Last week, Tesla (NASDAQ:TSLA) reported a quarterly profit under generally accepted accounting principles (GAAP) for the fourth consecutive quarter. This was a particularly important milestone for the electric vehicle pioneer, as it makes the company eligible for inclusion in the prestigious S&P 500 index. Furthermore, earnings easily beat analysts' estimates.
Tesla delivered this better-than-expected performance despite having its main factory in Fremont, California closed for the first six weeks of the quarter due to a local stay-at-home order. However, it got another huge windfall from selling regulatory credits last quarter -- and this recent source of profit is unlikely to last very long.
Regulatory credits drive Tesla's profit
In the first quarter, Tesla booked $354 million of regulatory credit revenue: up 64% year over year. This accounted for 6.9% of the company's automotive revenue and 5.9% of its total revenue. Considering that Tesla's Q1 operating profit and net income totaled just $283 million and $16 million, respectively, this revenue stream represented the difference between a net profit and a significant loss.
A similar dynamic played out last quarter. Revenue from regulatory credits surged 21% sequentially and 286% year over year, reaching $428 million. That translated to 8.3% of automotive revenue and 7.1% of total revenue. Once again, regulatory revenue was the difference between turning a profit and losing money. Tesla posted an operating profit of $327 million and GAAP net income of $104 million last quarter.
These regulatory credits have been in demand recently, as major automakers haven't been building enough "green" vehicles to meet regulatory requirements in certain regions. Rather than paying the resulting fines or pumping out low-quality electric vehicles at a substantial loss, many automakers have found it more cost-effective to purchase extra regulatory credits from Tesla.
The regulatory credit windfall won't last
Regulatory requirements around green vehicles are steadily becoming more stringent in many regions. For example, in California and other states, zero-emission vehicle (ZEV) targets are ramping up from requiring around 3% of sales to be ZEVs in 2019 to around 8% by 2025. (The exact figures depend on the mix of plug-in hybrids vs. fully electric or hydrogen-powered cars, among other factors.)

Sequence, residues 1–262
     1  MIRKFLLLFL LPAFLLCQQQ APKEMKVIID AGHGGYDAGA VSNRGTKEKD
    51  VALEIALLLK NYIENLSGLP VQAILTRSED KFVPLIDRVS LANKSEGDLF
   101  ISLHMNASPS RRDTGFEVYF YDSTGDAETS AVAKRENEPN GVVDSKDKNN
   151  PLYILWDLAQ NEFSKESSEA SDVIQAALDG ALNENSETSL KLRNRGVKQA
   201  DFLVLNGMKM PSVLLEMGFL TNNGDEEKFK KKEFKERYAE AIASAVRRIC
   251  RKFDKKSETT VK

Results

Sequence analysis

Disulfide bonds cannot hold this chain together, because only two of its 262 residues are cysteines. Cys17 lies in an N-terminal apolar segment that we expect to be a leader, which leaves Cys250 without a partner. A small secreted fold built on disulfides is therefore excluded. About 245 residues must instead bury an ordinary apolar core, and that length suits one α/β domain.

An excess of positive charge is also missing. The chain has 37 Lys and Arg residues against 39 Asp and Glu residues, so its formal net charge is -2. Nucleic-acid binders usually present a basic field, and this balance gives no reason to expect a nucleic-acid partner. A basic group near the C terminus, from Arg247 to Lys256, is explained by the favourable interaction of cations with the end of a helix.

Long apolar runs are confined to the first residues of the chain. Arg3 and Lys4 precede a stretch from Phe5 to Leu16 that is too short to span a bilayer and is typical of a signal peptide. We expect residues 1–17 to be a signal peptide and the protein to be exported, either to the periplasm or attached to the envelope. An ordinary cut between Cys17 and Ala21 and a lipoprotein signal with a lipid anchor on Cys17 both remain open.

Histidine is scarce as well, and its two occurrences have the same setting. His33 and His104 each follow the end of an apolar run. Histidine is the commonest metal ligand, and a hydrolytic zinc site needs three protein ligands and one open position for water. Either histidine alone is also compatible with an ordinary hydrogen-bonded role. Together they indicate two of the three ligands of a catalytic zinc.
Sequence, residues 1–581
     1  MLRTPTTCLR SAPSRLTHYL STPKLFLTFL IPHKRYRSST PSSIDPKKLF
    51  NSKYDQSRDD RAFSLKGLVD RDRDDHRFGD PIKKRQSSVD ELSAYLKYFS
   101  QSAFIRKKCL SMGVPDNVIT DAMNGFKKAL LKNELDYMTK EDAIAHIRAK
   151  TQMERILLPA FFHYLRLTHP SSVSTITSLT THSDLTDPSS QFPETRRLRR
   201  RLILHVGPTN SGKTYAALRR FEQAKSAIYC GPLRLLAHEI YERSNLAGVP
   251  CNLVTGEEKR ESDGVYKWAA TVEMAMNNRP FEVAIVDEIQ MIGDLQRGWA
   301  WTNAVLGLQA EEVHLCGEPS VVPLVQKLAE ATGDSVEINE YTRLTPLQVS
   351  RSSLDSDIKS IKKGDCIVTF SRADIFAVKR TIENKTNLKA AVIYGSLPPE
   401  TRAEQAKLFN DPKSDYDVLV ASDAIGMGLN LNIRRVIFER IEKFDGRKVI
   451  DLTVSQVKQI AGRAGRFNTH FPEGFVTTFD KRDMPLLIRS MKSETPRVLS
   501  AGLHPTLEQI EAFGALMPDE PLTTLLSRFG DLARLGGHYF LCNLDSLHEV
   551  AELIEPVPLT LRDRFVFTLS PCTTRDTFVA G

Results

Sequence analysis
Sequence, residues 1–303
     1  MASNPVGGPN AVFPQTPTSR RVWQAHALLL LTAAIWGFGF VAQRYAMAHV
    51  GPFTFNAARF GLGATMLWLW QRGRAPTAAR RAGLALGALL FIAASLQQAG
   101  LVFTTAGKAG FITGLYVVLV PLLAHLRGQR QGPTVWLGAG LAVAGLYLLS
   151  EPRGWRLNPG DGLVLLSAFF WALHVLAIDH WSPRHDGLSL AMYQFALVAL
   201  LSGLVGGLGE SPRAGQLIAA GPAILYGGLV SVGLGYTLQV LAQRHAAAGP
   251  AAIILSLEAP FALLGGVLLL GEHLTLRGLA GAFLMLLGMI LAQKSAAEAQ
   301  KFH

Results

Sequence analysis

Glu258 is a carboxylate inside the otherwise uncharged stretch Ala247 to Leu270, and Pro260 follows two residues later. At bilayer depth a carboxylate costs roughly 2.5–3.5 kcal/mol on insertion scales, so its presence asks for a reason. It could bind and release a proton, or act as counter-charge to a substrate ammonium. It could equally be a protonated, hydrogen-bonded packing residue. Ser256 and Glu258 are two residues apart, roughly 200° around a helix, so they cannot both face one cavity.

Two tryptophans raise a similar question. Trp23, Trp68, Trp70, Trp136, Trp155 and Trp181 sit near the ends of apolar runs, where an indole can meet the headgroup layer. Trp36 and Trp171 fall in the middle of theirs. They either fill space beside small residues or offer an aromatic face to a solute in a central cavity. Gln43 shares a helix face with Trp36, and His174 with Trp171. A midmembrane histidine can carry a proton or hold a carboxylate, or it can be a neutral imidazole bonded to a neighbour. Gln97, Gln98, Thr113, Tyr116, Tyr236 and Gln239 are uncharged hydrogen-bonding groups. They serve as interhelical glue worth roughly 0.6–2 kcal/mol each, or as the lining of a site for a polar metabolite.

As a result, in the short term, demand for regulatory credits is rising. Tesla CFO Zach Kirkhorn estimated on the company's recent earnings call that regulatory credit revenue would roughly double in 2020. (That said, after the big surge in regulatory credit revenue in the first half of the year, Tesla could reach that target with regulatory credit revenue of $205 million in each of the next two quarters: more than 50% less than the $428 million generated in Q2.)
Moreover, Kirkhorn warned that while sales of regulatory credits would remain strong "for some period of time ... eventually, the stream of regulatory credits will reduce."
This shouldn't be a surprise to investors. After initially focusing their plug-in and EV programs on relatively inexpensive small cars -- which are out of favor with consumers -- major automakers are now betting big on electric SUVs and trucks. This likely represents a better tactic for building EVs profitably and on a great-enough scale to meet increasing regulatory requirements without buying extra credits on the market.
Additionally, a slew of start-ups are bringing new electric vehicles to market over the next year or two. That means there will be more sellers in the regulatory credit markets, likely leading to lower prices.
Relying on unproven business models for future profits
Excluding regulatory credit revenue, Tesla has lost money over the past 12 months. Admittedly, production disruptions have impacted profitability this year, but even without those disruptions, the company would barely be breaking even.
Over time, as Tesla gains scale and newer products like the Model Y become more mature (and thus cheaper to build), margins should improve somewhat. That said, much of the cost savings will likely be offset by price cuts. At current prices -- with most Tesla models costing at least $50,000 "out the door" -- the company's growth opportunity would be severely limited by affordability issues.
Thus, Tesla could have quite a bit of trouble reaching its target of industry-leading low-teens operating margins. Management seems to be counting on a huge new revenue stream from selling software to Tesla owners (particularly for autonomous driving) to achieve this margin structure.
On the conference call last week, Elon Musk said that full self-driving software is "probably worth at least $100,000 per car". Yet there's a good chance that the actual value of the software will be a fraction of that amount. If Tesla can't find a new source of profit to replace the regulatory credit revenue that is likely to recede a few years from now, bulls' hopes for a combination of incredible revenue growth and massive margin expansion may never come to fruition.